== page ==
Lower Foodweb Ecology and Management in Freshwater and Marine Ecosystems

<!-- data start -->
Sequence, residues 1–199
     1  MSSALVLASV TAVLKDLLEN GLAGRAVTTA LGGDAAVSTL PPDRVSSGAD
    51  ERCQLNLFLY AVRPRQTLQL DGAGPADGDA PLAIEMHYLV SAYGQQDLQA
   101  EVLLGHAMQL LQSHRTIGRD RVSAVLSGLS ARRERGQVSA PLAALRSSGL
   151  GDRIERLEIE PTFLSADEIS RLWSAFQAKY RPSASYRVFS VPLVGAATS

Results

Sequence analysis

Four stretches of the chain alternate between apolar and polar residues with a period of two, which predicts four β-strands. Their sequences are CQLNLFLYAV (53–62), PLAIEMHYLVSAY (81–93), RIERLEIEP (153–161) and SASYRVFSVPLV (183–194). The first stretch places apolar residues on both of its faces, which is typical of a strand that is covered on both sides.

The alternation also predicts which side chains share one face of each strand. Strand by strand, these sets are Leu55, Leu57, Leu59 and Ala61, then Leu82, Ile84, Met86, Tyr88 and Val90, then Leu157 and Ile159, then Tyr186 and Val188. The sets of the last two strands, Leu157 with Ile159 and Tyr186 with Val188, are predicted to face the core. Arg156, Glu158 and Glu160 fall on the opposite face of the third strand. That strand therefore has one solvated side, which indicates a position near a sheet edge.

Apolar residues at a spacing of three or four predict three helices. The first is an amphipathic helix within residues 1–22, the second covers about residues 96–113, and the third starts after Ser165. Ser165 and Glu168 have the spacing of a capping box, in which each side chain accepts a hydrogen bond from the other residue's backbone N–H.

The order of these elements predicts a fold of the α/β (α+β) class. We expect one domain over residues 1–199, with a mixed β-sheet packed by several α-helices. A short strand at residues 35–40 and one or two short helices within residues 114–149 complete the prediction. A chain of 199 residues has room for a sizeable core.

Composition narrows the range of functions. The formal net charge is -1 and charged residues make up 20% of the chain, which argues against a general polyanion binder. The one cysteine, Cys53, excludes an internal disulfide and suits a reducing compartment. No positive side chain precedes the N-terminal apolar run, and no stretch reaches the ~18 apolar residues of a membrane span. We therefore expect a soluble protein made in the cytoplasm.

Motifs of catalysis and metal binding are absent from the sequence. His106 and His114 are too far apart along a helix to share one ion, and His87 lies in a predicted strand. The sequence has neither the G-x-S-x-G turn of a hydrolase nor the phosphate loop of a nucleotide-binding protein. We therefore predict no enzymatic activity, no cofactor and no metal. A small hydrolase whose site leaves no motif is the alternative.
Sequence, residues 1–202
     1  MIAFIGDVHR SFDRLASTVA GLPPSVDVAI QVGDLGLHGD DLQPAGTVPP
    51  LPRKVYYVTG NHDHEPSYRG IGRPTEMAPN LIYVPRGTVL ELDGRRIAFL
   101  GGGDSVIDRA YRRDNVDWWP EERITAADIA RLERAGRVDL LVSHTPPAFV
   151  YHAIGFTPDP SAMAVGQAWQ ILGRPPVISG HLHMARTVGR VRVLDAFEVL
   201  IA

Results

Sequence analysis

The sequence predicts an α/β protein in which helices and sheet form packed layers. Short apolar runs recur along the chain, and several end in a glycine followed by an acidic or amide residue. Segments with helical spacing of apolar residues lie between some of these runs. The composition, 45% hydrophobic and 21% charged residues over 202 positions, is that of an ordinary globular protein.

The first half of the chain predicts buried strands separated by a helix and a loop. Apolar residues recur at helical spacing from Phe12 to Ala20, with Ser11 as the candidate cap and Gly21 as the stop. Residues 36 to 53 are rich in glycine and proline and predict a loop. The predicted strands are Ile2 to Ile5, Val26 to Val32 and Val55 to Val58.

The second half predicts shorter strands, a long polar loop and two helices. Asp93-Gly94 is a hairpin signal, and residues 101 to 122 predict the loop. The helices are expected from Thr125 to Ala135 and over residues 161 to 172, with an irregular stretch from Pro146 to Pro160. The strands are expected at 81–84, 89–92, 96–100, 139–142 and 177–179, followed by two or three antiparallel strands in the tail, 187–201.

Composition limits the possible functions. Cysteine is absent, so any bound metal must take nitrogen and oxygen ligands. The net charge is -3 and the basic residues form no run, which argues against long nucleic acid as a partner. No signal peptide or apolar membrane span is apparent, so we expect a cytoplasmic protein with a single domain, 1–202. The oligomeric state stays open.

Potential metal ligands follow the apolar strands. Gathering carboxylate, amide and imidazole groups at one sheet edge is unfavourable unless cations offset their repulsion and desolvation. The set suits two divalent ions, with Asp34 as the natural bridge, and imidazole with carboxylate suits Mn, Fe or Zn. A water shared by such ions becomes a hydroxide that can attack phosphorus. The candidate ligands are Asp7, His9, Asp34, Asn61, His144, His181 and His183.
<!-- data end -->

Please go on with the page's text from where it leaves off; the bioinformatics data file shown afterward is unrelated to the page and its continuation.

My research program focuses on population dynamics of the lower foodweb of aquatic ecosystems. While my research addresses the role of ecological interactions, as well as interactions between organisms and their environment, foci are on the roles of nutrient loading (and possible eutrophication) and water inflows and the influence of hydrodynamics on ecosystem health. My research program is currently active in multiple locations in Texas and abroad. In Texas, I am working in both inland and coastal environments. Inland study areas include multiple location along the Trinity, San Jacinto, Brazos and Colorado watersheds. On the coast, I am working in the Bay systems of San Antonio, Aransas and Copano, Matagorda and Galveston. Abroad, I am working in the Mexico, Australia, Greece, Germany, Israel and Hungary.The ecology of harmful algal bloom-forming phytoplankton, specifically the "Golden Algae" Prymnesium parvum, has been the focus of my research in many of the inland ecosystems in Texas. This research is ongoing and involves collaboration with other academic institutions that include the University of Texas at Arlington and Baylor University, and state and federal agencies that include Texas Parks and Wildlife, U.S. Geological Survey, Brazos River Authority and the U.S. Army Corps of Engineers. Much of this research aims to develop mitigation strategies that will minimize the impact of harmful algal blooms on our aquatic ecosystems. Abroad, I'm working with various cyanobacteria that form harmful algal blooms. This research in being done with cooperation from University of Technology Sydney, University of Aegean, University of Aristotle Thessaloniki, University of Athens, Migel Allon Limnological Research Institute, and Consejo Nacional de Ciencia y Tecnología, and GEOMAR, Germany.Ascertaining the role of freshwater inflows, i.e., the magnitude, duration, and timing of pulsed river inflow events, has been the focus of my research in the coastal ecosystems in Texas. This research is ongoing and involves collaboration with other academic institutions, i.e., the Texas A&M University at Galveston, and state and federal agencies that include Texas Parks and Wildlife, U.S. Geological Survey, and U.S. Fish and Wildlife Service. As with my inland research projects, much of this research aims to develop inflow-based management strategies that will minimize the impact of diminished freshwater inflows in coastal ecosystems.